Some advocate a Norwegian-style status. Norway participates as a member of the EEA in the single market. Again, however, it has no say in how those laws are made; it just has to implement them. Indeed, this situation is known in Norway as the "fax democracy" because they introduce EU directives and regulations as soon as they come across on the fax machine. They have implemented 4,000 pieces of EU legislation with no Norwegian influence over them in the Council or the European Parliament. If I may say so, our status under such models would be like that of a lady member of a gentlemen's club forced to use the back stairs, or like that of a lady member of a golf club allowed to play only on weekday mornings. Our ability to govern ourselves would decrease, not increase. Our real sovereignty would actually decline.

I turn to the question of our influence in foreign and security policy. The key issue is that if Britain were to leave the EU, we would lose influence on both sides of the Atlantic. Our lack of clout in Europe would make us a less important ally for America. Numerous previous American ambassadors to Britain have affirmed that position.

Recently British citizens gave remarkable responses in the Euro-barometer survey. The figure that received a lot of publicity was the 52 per cent in favour of the constitution, but equally remarkable were the responses on the common foreign and security policy. Some 71 per cent of people believe that the EU should have a rapid military reaction force that can be sent quickly to trouble spots when an international crisis occurs. When such a crisis occurs, 72 per cent of Britons believe that the EU member states should agree a common position; that is, over 70 per cent support a common foreign policy. Half believe the EU should have its own seat on the UN Security Council and that the EU should have its own foreign Minister. I believe that puts paid to the idea that British people do not support a common policy for Europe in the world.

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I sum up. There may be around one-quarter of British people who think that EU membership is a bad thing. Around 30 per cent are firmly against the euro. So the Eurosceptic case resonates with a maximum of three out of 10 people. Seventy per cent of the British people believe that the EU is a good thing, or they remain to be unconvinced, but they are certainly not in the firm Eurosceptic camp. There is plenty of scope for persuasion and to demonstrate the benefits.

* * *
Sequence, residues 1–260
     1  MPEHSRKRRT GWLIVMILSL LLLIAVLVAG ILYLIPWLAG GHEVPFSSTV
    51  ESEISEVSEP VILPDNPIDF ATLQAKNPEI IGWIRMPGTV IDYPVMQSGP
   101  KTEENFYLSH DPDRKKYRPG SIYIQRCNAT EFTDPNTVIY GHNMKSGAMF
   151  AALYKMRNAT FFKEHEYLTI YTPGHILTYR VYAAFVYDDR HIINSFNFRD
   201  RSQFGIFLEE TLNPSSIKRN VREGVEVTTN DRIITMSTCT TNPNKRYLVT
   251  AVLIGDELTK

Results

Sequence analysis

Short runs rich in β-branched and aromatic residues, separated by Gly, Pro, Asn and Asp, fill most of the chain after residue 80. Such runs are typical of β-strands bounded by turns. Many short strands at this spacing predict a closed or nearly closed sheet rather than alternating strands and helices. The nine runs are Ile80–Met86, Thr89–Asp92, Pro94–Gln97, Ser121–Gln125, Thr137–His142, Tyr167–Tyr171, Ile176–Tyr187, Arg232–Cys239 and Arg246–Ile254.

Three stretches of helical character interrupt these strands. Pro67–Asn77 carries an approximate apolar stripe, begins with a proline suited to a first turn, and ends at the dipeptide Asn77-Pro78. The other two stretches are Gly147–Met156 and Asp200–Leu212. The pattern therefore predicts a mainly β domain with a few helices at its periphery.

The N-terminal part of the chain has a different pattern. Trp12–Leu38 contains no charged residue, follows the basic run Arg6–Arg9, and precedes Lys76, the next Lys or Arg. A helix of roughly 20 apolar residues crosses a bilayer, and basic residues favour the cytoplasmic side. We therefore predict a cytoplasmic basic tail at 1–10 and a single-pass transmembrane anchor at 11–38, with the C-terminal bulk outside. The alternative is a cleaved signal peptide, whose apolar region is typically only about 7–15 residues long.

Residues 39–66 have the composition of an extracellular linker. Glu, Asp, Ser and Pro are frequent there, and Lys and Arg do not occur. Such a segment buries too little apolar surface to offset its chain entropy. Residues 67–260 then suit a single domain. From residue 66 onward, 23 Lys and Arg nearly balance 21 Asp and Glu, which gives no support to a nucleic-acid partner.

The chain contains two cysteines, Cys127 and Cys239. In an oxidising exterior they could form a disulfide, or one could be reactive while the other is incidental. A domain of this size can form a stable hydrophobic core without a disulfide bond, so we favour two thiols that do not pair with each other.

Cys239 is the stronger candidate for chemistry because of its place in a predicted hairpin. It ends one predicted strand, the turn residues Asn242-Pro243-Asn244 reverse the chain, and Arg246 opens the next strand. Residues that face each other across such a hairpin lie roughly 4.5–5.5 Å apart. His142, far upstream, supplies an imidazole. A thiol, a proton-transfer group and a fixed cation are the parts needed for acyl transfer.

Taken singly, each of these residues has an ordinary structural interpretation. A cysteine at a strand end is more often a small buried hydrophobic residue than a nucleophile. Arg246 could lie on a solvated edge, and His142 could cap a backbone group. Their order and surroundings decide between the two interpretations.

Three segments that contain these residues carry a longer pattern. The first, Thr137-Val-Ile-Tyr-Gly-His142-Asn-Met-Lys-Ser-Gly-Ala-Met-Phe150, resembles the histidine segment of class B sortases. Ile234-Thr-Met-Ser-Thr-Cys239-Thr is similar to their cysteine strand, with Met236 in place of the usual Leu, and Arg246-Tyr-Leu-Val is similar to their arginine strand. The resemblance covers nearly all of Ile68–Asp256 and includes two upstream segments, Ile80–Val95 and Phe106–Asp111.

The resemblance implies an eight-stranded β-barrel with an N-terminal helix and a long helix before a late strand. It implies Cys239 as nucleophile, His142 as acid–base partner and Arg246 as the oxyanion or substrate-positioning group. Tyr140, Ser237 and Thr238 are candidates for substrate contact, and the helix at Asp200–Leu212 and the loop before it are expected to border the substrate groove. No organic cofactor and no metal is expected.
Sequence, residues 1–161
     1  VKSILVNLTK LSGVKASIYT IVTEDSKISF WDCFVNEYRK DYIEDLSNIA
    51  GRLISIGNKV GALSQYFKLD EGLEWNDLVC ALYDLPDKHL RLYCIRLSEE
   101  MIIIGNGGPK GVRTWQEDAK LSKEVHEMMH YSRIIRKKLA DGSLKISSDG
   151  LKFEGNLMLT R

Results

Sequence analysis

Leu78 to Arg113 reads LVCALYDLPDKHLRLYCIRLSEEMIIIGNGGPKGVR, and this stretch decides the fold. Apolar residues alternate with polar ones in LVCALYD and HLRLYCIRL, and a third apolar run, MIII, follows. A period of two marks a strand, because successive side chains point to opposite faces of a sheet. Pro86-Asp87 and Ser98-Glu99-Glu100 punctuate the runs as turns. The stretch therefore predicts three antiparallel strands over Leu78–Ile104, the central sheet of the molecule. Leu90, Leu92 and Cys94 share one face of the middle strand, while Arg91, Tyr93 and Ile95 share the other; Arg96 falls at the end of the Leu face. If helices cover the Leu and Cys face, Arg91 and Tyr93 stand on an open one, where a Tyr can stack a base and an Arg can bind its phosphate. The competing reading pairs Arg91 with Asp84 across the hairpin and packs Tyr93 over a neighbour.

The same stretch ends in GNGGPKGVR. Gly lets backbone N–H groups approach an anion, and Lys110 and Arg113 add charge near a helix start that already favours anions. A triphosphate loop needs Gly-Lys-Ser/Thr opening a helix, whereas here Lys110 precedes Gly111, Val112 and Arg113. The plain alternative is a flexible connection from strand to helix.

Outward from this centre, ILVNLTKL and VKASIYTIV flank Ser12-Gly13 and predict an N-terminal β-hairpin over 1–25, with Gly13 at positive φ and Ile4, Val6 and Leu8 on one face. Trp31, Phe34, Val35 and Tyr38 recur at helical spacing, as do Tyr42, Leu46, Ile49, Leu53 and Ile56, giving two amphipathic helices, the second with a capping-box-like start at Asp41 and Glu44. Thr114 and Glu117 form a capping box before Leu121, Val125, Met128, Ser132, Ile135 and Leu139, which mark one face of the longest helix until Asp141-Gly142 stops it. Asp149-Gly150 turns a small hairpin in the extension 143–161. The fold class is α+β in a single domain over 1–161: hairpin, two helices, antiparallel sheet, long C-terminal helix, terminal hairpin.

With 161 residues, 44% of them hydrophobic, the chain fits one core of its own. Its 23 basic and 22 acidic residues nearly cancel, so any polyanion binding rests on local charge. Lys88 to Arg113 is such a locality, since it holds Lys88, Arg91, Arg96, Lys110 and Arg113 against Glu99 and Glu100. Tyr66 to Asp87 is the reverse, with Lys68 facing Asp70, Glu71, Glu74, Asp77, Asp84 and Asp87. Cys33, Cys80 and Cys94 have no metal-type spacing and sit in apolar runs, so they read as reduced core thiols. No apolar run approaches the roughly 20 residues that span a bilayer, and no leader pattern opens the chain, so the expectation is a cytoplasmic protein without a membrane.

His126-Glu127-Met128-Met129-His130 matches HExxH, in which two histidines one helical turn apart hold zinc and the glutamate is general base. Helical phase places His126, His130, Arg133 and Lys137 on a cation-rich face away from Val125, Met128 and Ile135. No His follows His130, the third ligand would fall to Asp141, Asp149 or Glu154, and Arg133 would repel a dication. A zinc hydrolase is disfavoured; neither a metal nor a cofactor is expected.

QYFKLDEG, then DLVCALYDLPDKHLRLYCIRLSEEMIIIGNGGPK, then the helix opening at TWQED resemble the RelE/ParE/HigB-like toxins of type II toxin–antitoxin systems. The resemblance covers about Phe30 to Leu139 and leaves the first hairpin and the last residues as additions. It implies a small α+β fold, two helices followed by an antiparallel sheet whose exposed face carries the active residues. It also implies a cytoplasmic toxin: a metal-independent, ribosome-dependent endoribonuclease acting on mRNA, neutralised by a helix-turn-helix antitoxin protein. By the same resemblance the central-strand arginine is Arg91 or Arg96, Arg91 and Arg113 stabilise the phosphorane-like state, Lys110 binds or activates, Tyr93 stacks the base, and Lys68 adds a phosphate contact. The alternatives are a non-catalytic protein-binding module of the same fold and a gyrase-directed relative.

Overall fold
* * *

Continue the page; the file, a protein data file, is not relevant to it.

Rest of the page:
I am very glad to say that 20 years ago, perhaps this month, the Labour Party abandoned its policy of withdrawal. Sadly, this Government have been in power for six years and still we have no date for a referendum on the euro, but when that happens—soon, I hope—it will provide an opportunity for the pro-Europeans to beat the Eurosceptics hollow by two or three to one. We have done it before and we shall do it again.

Baroness Cox: My Lords, before the noble Baroness sits down, did she imply that those of us who have some doubts about Europe are against values such as cultural diversity? If that is the case, I hope that she will withdraw that in due course or prove her point because I for one and, I believe many others, take grave exception to such an allegation.

Baroness Ludford: My Lords, I shall take the opportunity to read the noble Baroness's remarks in Hansard, if I may, rather than delay the debate further by responding now.

Lord Monson: My Lords, before the noble Baroness sits down for the second time, is she aware that, with the exception of Malta, turnout in the various referendums in accession countries on whether to accept EU membership was extremely low? In no country, with the possible exception of Slovenia—I have not had time to check that—did more than 50 per cent of registered voters vote in favour of accession. The enthusiasm in these countries is very much less than the noble Baroness suggested.

Baroness Ludford: My Lords, we live in democracies and what matters is those people who vote. Unfortunately, turnout is too low in many elections. I was present at by-elections in the London Borough of Islington last night where the turnout was 20 per cent. Turnouts are too low and we have to work on that, but the fact is that the results were absolutely conclusive.

1.44 p.m.

Baroness Rawlings: My Lords, I, too, thank my noble friend Lord Pearson of Rannoch for having instituted the debate through the introduction of his Bill. There is one point on which I agree with him; this country deserves to have the fullest possible debate about an issue that will affect its future more than anything else we discuss in this Parliament.

I turn to the Bill and comment briefly on the proposed committee. The Bill is a recipe for what one might describe as total stalemate. I am not against a

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committee to consider the implications of withdrawal. That would probably benefit those who argue strongly for staying in the European Union. However, I fear that the Bill as it stands would introduce a procedure which could go no further.